In documentary style, events in Petrograd are re-enacted from the end of the monarchy in February of 1917 to the end of the provisional government and the decrees of peace and of land in ... See full summary »
Sergei M. Eisenstein
In 1930, a group of three Russians - Sergei Eisenstein, Grigori Alexandrov, and Eduard Tisse - began an ambitious film in Mexico. A year later the backers halted the project before filming was complete.
His wife dead from poisoning and his chief warrior, Kurbsky, defected to the Poles, Ivan is lonely as he pursues a unified Russia with no foreign occupiers. Needing friendship, he brings to court Kolychev, now Philip the monk, and makes him metropolitan bishop of Moscow. Philip, however, takes his cues from the boyars and tries to bend Ivan to the will of the church. Ivan faces down Philip and lets loose his private force, the Oprichniks, on the boyars. Led by the Tsar's aunt, Euphrosyne, the boyers plot to assassinate Ivan and enthrone her son, Vladimir. At a banquet, Ivan mockingly crowns Vladimir and sends him in royal robes into the cathedral where the assassin awaits. Written by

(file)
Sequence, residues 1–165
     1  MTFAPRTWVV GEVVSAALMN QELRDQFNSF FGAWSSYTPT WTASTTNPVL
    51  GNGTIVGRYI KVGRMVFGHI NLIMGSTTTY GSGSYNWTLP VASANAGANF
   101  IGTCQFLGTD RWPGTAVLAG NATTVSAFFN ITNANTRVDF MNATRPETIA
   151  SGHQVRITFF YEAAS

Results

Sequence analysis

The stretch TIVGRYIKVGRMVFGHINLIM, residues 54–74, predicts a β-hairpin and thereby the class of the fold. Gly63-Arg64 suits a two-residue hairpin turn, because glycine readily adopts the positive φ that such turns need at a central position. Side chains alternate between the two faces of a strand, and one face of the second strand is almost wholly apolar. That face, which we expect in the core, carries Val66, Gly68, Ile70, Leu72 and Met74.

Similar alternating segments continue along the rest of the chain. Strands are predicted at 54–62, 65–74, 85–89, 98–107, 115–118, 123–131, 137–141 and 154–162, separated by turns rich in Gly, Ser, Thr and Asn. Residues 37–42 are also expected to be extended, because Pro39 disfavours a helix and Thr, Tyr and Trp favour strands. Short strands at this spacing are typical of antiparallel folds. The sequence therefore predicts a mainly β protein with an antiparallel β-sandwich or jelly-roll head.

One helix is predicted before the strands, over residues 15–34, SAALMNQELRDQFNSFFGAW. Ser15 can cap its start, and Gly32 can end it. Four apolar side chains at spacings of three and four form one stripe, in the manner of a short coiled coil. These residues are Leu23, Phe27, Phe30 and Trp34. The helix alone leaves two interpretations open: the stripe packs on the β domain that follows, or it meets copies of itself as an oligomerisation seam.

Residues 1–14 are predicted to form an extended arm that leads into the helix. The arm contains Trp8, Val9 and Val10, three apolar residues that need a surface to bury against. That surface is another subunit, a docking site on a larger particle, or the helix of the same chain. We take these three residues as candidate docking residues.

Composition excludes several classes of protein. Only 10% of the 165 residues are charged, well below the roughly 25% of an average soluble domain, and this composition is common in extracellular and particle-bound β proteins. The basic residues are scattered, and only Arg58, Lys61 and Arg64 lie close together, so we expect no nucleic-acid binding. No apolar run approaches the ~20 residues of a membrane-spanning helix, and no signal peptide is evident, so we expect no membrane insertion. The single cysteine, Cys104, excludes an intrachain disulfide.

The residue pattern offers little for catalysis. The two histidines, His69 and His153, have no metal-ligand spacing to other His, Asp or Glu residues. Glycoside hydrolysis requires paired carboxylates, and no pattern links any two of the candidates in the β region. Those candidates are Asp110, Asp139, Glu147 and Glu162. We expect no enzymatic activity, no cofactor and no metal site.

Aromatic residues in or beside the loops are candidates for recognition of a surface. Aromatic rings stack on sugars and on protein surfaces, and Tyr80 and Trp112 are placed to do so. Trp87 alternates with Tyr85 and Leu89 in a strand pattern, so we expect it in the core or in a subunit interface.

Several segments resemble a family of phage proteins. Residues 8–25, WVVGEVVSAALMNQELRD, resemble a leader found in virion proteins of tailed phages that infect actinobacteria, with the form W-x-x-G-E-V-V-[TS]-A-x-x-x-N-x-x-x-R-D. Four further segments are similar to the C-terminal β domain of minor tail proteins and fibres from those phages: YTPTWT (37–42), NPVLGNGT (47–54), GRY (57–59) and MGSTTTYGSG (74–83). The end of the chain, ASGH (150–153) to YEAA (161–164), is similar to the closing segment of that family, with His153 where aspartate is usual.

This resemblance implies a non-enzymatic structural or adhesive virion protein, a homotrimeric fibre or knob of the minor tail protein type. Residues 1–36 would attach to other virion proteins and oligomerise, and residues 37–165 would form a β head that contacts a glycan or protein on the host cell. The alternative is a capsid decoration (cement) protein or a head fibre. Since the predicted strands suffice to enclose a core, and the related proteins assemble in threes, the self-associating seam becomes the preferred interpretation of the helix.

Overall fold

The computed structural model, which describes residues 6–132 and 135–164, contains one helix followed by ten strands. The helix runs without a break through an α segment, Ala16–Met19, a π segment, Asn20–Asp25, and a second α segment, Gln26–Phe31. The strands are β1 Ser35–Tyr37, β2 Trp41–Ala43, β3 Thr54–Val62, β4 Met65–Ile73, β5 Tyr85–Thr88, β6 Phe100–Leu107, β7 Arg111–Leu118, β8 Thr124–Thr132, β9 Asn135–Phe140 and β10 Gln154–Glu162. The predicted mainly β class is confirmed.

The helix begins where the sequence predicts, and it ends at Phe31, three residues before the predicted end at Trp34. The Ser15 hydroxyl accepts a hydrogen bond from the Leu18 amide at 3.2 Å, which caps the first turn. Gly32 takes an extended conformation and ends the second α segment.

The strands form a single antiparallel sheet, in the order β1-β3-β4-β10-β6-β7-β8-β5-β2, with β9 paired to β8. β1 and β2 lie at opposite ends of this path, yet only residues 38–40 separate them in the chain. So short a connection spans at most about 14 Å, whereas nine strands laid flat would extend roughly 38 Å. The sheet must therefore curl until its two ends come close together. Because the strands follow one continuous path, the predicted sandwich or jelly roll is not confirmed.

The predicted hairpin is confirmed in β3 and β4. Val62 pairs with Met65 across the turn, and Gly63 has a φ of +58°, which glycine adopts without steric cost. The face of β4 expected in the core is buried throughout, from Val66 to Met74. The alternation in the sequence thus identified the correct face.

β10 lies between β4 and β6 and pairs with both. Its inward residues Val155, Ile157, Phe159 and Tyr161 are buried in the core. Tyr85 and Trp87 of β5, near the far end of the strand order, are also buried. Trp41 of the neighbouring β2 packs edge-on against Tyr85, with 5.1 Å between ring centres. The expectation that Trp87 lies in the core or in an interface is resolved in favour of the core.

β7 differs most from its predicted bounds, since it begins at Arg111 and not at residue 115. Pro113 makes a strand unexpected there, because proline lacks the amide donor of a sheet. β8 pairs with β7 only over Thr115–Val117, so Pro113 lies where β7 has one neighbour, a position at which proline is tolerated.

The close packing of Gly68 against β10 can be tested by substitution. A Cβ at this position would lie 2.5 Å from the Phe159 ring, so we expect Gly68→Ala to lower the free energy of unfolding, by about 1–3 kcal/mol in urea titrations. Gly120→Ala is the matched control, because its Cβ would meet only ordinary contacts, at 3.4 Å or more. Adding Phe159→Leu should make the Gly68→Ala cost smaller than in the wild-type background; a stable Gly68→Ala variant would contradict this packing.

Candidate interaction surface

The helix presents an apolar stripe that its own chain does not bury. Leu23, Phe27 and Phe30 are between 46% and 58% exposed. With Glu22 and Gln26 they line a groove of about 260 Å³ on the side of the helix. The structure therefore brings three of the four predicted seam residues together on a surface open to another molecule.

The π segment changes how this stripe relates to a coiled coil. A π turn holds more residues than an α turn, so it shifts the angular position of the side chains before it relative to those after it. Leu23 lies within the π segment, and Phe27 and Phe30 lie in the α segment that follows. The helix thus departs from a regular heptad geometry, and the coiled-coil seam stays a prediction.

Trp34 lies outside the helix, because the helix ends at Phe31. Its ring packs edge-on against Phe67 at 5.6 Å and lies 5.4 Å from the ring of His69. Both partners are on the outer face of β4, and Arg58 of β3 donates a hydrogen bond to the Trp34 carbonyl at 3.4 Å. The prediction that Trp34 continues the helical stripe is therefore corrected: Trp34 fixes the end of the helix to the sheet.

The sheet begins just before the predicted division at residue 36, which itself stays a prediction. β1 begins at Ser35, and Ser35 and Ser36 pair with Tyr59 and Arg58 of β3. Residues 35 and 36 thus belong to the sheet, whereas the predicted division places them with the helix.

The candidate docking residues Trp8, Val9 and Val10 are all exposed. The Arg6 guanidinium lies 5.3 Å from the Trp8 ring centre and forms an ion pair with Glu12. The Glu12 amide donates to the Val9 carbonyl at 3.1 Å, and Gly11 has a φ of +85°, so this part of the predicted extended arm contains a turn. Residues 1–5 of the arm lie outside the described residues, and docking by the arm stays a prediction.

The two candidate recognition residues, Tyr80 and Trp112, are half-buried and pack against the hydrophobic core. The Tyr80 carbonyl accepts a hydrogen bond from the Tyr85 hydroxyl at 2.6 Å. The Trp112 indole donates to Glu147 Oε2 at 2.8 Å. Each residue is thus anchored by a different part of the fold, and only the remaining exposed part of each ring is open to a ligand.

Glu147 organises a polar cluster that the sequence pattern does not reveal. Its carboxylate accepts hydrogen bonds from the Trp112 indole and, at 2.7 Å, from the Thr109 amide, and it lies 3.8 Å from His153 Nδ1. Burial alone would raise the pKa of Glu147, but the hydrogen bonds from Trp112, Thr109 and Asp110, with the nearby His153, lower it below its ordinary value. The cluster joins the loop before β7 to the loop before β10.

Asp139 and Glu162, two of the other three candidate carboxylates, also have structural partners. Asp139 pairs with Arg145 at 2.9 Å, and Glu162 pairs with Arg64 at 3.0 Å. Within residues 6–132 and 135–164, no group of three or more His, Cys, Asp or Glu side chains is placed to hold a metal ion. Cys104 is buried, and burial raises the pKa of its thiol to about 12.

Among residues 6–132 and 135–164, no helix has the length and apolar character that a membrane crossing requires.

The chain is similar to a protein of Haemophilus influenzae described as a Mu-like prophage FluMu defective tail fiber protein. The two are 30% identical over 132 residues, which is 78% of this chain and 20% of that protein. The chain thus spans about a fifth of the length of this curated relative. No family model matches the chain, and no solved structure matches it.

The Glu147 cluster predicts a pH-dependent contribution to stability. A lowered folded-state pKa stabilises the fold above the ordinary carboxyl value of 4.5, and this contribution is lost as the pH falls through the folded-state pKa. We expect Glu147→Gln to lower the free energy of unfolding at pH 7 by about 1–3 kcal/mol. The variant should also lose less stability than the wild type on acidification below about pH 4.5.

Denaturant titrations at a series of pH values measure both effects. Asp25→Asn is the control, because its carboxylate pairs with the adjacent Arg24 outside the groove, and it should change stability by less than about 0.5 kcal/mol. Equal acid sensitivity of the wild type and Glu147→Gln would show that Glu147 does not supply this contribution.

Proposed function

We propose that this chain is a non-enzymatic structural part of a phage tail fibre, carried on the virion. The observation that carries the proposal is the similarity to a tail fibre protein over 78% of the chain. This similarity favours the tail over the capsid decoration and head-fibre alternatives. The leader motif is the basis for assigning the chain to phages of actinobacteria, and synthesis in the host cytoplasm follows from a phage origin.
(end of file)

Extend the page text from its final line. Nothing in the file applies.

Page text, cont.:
Ivan Grosnyy, Part II is the movie of my life; the Part I is also a very good film. It is the masterpiece of Sergei Eisenstein. Unfortunately we can never see the Part III of this meant to be trilogy. The performances (especially Nikolai Cherkasov), the photography, the wardrobe, the scenarios and the shots are the most beautiful I have ever seen in the history of film-making. However, it is necessary to watch the Part I first to understand the history. I suggest to all the people who like this genre of film to see another very good film of Sergey Eisenstein: Alexander Nevsky once again with Nikolai Cherkasov in the main role. I recommend to all the people who want to see these movies to by the Criterion DVD box set, which contains also first part and, Alexander Nevsky. Don't die without seeing these masterpieces.
19 of 20 people found this review helpful.
Was this review helpful to you?